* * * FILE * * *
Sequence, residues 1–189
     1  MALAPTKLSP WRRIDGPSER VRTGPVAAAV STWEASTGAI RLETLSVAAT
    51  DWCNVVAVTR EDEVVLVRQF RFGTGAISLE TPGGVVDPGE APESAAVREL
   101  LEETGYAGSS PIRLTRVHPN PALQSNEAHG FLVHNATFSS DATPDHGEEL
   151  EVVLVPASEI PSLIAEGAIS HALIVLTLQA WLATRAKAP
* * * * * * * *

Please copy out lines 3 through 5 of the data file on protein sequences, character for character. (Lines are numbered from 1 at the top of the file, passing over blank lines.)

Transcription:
    51  DWCNVVAVTR EDEVVLVRQF RFGTGAISLE TPGGVVDPGE APESAAVREL
   101  LEETGYAGSS PIRLTRVHPN PALQSNEAHG FLVHNATFSS DATPDHGEEL
   151  EVVLVPASEI PSLIAEGAIS HALIVLTLQA WLATRAKAP